When I first applied Ong's idea of the auditory-visual dichotomy to the present material, I expressed it in two terms. I suggested that one may speak of the cosmovision Occidental, Western worldview, but should probably speak about the cosmoaudicion Indigena, the Amerindian worldaudition, or auditory perspective. I coined the term cosmoaudicion to express the greater value which the Amerindians place on the auditory component of the psychodysleptic experience. ... For the Westerner, psychodysleptics are "hallucinogens," for the Amerindian they are medicine. Many of the medicinal properties attributed by the Amerindians to sinicuichi and several of those attributed to ololiuhqui have been duplicated in the laboratory. Whereas ololiuhqui awaits to be more closely examined from this perspective, teonanacatl remains virtually virgin territory in this area. Yet, experience has taught us that we must not take lightly the Amerindian claim that the psychodysleptics are medicine. The Huichol have for centuries called peyote medicine, but it was not until recent years that biologists identified an antibiotic, hordenine, in the cactus. (pages 117-119)

For example, Wasson focuses on in xochitl. I agree with Wasson's interpretation of Xochipilli as the God of Rapture, of Ecstasy. But he is only partially correct, because for him Xochipilli is the God of the flower induced rapture. He ignores completely the fact that Xochipilli is also the deity of song and dance.

Likewise, Leon-Portilla offers his interpretation and insights in the following paragraph:

The idiomatic expression, in xochitl, in cuicatl, which literally means 'flower and song', has a metaphorical sense of poem, poetry, artistic expression, in a word, symbolism. Poetry and art, 'flowers and songs', are for 'those-who-know' [wisemen, Magi, soothsayers] an occult and veiled term that may sweep man off on the wings of symbol and metaphor, stammering, may project him beyond himself, thus perhaps in a mysterious manner bringing him nearer to his origins. 'Flower and song' seem to affirm that true poetry implies a peculiar way of knowledge, the fruit of an authentic interior experience.....[Italics mine. -Translation by Wasson] As Wasson implies in his analysis of Leon-Portilla's interpretation, the latter conveys the feeling of the metaphysical, mystical nuances of the phrase in xochitl, in cuicatl, although he prefers to emphasize the poetic nature of the phrase. Both Wasson and Leon-Portilla overlook, however, that the poetry to which in xochitl, in cuicatl refers, consists primarily of texts of songs.

By bringing together the foci of these two important interpretations and juxtaposing them as in the original metaphorical construct, we approach a more complete understanding of its meaning. In xochitl and in cuicatl represent the rapture, ecstasy: they are interrelated elements in the mystical experiences in all the dimension discussed in this work. Xochipilli is the deity of the flower induced ASC, but he is also the deity of the song induce ASC. In xochitl can produce in cuicatl and vice versa. Together they are the juncture between the existence of the supernatural on earth, the man's earthly existence amidst the supernatural. As such, according to the mesoamerican cosmoaudicion, each is incomplete without the other, hence the metaphorical construct, in xochitl, in cuicatl. (pages 207-209)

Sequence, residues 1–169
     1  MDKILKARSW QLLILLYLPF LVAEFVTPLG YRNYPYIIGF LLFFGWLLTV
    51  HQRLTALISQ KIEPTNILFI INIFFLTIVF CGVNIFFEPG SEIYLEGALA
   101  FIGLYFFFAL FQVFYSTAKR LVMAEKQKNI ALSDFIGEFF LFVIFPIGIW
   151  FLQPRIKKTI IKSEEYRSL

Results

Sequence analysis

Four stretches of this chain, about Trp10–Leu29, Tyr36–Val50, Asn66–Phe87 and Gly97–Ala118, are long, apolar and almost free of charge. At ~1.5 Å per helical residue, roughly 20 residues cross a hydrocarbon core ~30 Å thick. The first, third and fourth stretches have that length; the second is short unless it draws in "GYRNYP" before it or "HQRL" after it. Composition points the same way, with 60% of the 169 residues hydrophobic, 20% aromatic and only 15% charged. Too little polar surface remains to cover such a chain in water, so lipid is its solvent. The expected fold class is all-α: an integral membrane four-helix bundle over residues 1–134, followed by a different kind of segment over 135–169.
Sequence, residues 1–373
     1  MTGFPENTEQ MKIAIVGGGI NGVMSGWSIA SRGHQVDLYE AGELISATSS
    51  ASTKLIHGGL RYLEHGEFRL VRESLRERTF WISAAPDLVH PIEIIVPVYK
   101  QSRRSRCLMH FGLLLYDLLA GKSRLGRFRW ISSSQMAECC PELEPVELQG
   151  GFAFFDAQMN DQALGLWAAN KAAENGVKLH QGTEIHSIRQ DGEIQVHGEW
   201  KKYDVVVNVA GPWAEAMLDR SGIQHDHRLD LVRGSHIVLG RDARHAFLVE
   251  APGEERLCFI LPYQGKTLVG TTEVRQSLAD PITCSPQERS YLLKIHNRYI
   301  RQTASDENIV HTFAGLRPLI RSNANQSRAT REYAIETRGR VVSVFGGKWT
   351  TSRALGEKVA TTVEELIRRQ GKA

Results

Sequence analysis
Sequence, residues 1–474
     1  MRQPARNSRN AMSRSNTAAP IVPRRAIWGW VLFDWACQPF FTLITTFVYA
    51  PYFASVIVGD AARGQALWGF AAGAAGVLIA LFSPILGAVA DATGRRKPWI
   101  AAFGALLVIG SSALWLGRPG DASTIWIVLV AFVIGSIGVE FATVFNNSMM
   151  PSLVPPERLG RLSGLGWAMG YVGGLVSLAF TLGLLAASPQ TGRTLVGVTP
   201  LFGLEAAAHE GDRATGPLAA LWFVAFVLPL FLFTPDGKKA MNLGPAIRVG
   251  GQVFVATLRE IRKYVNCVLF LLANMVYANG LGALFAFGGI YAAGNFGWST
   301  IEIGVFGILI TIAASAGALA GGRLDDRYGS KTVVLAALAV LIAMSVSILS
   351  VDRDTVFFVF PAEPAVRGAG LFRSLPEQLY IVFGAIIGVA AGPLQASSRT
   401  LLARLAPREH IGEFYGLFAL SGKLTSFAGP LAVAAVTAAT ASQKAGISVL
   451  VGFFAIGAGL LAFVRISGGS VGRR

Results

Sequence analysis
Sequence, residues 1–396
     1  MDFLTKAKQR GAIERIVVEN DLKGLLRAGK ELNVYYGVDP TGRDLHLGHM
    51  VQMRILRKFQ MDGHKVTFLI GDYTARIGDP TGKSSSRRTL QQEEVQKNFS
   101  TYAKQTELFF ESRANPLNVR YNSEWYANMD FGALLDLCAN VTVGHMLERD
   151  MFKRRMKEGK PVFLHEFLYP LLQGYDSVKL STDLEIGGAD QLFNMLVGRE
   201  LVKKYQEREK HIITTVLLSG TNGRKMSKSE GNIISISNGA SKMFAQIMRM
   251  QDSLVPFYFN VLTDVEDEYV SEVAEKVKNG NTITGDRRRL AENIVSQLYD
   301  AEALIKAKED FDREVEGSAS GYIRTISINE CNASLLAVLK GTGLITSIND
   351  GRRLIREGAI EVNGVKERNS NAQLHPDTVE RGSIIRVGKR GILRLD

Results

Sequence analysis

The first scholars to depict the "receiver" as an active participant in a hallucinogenic experience were Dobkin de Rios and Katz. They suggest that the songs provide a series of bannisters and pathways which enable one who partakes of a psychodysleptic (a client) to negotiate his experience. I add the concept of the songs as aural signposts which enable the client to know where in the trip he may be at any given time. I also demonstrated that the shaman taps the background knowledge that a client brings with himself to a mushroom ceremony, and how the client actively strives to be in concert with the suggestions made by the shaman. The client is therefor and active participant in a mushroom ceremony. (pages 213-214)

Although this pychopharmocological data was of import to me, my resulting concept of the Amerindian cosmoaudicion may be of use to psychopharmacologists. Much of the work on psychodysleptic induced changes in perception currently focuses primarily on changes in visual perception. However, it is important to recognize that if the active principle of the psychodysleptics in question affect both the visual and auditory channels, then the result of a double blind laboratory test in which a psychodysleptic is administered to a Westerner will not only reflect that individual's reaction to the active principles, but his culturally determined bias vis a vis one channel or another. (page 215)